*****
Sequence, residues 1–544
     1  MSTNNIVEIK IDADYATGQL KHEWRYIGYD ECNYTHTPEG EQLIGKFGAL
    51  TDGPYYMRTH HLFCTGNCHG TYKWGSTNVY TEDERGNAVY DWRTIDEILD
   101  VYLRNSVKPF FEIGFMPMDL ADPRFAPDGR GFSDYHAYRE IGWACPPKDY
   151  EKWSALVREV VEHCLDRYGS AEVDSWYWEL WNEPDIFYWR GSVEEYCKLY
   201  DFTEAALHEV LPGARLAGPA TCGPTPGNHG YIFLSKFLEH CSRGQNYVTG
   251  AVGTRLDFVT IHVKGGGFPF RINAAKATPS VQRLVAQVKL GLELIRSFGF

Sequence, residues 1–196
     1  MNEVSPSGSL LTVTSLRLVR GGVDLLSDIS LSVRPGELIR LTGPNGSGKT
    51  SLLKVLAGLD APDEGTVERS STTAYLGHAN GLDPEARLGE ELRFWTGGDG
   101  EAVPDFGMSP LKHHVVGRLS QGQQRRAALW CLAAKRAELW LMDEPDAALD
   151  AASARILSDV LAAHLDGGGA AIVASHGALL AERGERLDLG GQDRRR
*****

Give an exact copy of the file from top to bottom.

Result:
Sequence, residues 1–544
     1  MSTNNIVEIK IDADYATGQL KHEWRYIGYD ECNYTHTPEG EQLIGKFGAL
    51  TDGPYYMRTH HLFCTGNCHG TYKWGSTNVY TEDERGNAVY DWRTIDEILD
   101  VYLRNSVKPF FEIGFMPMDL ADPRFAPDGR GFSDYHAYRE IGWACPPKDY
   151  EKWSALVREV VEHCLDRYGS AEVDSWYWEL WNEPDIFYWR GSVEEYCKLY
   201  DFTEAALHEV LPGARLAGPA TCGPTPGNHG YIFLSKFLEH CSRGQNYVTG
   251  AVGTRLDFVT IHVKGGGFPF RINAAKATPS VQRLVAQVKL GLELIRSFGF

Sequence, residues 1–196
     1  MNEVSPSGSL LTVTSLRLVR GGVDLLSDIS LSVRPGELIR LTGPNGSGKT
    51  SLLKVLAGLD APDEGTVERS STTAYLGHAN GLDPEARLGE ELRFWTGGDG
   101  EAVPDFGMSP LKHHVVGRLS QGQQRRAALW CLAAKRAELW LMDEPDAALD
   151  AASARILSDV LAAHLDGGGA AIVASHGALL AERGERLDLG GQDRRR